“And so whenever I would make a big casserole,” recalled Field, “I would divide it in half, and I’d call her and she would say, ‘Just come over, ring the bell and put it on the porch.’

“She wouldn’t even see me to receive the food.”

Table for two

When Duane died a year ago, Henson encountered her friends at his funeral.

“I sat down with her at the lunch,” recalled Field. “And I said, ‘All right, I’ve seen you. So now will you let me visit?’

“And she said, ‘OK.’”

Members of St. Monica’s Guild wanted to do something for Henson, so Field suggested they set up a schedule and bring her meals.

“And so one of the gals in charge of our caring committee sent out an email,” she said. “And on July 25 last year, I took our first meal to Rosie.”

Field brought lunch to Henson’s house, but wasn’t sure if she would be staying to eat with her friend or just dropping the food off.

“But when I came in,” Field said, “the table was set for two. She had makeup on and her hair done.

“And I knew then what it meant to her.”

After a month of reuniting with her friends, Henson was moved to the nursing facility and feared the Monday lunches would come to an end.

“Then she called me,” said Field. “And she said, ‘Well, I’m here, but I talked to them and they have a room, and we could continue our little lunches!’”

And so it continues — guild members sign up on a monthly basis, prepare meals and go in pairs to have lunch with Rosie.

“So they come every Monday,” said Henson. “And I look very forward to it. It’s good-old home cooking.

“And they’re always full of laughter.”

Visitors are always full of laughter because MS has not robbed Henson of her personality.

“She has the most amazing sense of humor,” said Field. “Her mind is so sharp.”

“Rosie’s always got the corniest jokes to tell us,” added Kurtz.

Witness to her faith

Although guild members initially decided to do Monday lunches for Henson’s benefit, they’ve found that they enjoy the experience as much as she does.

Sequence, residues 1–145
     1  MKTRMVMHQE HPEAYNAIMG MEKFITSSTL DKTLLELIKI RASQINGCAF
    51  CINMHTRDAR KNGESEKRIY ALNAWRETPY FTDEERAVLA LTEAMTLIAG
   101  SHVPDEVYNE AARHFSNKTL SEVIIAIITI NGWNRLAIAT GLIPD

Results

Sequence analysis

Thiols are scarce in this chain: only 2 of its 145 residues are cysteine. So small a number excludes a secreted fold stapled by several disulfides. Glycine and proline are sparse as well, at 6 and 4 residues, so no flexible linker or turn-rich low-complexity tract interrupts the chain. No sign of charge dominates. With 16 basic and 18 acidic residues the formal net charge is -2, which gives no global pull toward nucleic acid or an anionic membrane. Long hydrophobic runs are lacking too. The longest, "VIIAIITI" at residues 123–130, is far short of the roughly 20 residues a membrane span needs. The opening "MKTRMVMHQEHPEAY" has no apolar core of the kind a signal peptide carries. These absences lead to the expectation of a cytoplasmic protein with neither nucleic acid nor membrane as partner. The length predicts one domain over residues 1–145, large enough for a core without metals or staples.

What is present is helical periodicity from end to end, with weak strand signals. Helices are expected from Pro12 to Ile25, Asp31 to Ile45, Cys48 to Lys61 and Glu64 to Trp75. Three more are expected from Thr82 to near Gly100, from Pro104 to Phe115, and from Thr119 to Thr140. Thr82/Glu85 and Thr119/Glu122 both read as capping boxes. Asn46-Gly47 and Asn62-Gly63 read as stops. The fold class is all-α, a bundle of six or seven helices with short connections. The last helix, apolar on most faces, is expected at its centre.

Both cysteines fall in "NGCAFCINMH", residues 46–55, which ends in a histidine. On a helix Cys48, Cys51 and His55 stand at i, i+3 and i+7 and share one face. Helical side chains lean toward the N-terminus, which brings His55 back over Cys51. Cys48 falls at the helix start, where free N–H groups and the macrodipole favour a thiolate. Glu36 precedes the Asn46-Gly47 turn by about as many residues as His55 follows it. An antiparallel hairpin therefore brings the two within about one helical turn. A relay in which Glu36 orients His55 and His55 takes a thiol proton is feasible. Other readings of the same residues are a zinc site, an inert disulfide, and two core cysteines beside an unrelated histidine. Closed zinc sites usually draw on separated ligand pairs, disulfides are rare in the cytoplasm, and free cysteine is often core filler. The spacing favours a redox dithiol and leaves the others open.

“You just feel good when you leave because she’s fun,” said Field. “It’s a fun visit.

“And we’re so grateful that she allows us to visit her and eat with her and walk the walk with her.”

Still strong in her Catholic faith, Henson attributes her joyful attitude to her daily rosary, her devotion to St. Monica and the faith books she is able to read on her tablet.

“And these people help make me a stronger person,” she said of her visitors.

“The way she handles herself with grace has been a witness to me in my faith,” said Field. “It has also made me thank God for my blessings and put things in perspective.

“And so, I just enjoy my visits with her so much. She is such a great friend.”


At the beginning of this month, when Field gave Henson the list of who was brining her lunch, Henson asked “How long are you going to do this?”

“I said, ‘I don’t know. Do you want us to stop?’” said Field. “She gave me that crazy grin and said, ‘You know I don’t.’

“So I said, ‘As long as they sign up, we’ll keep bringing it.’”

That will probably be for a very long time.

“Everybody says it’s a blessing,” said Field. “She thinks she’s being blessed.

“We think we are.”

About the author

Jill Esfeld

Jill Ragar Esfeld received a degree in Writing from Missouri State University and started her profession as a magazine feature writer, but quickly transitioned to technical/instructional writing where she had a successful career spanning more than 20 years. She returned to feature writing when she began freelancing for The Leaven in 2004. Her articles have won several awards from the Catholic Press Association. Jill grew up in Christ the King parish in Kansas City, Missouri; and has been a member of Holy Trinity Parish in Lenexa, Kansas, for 35 years.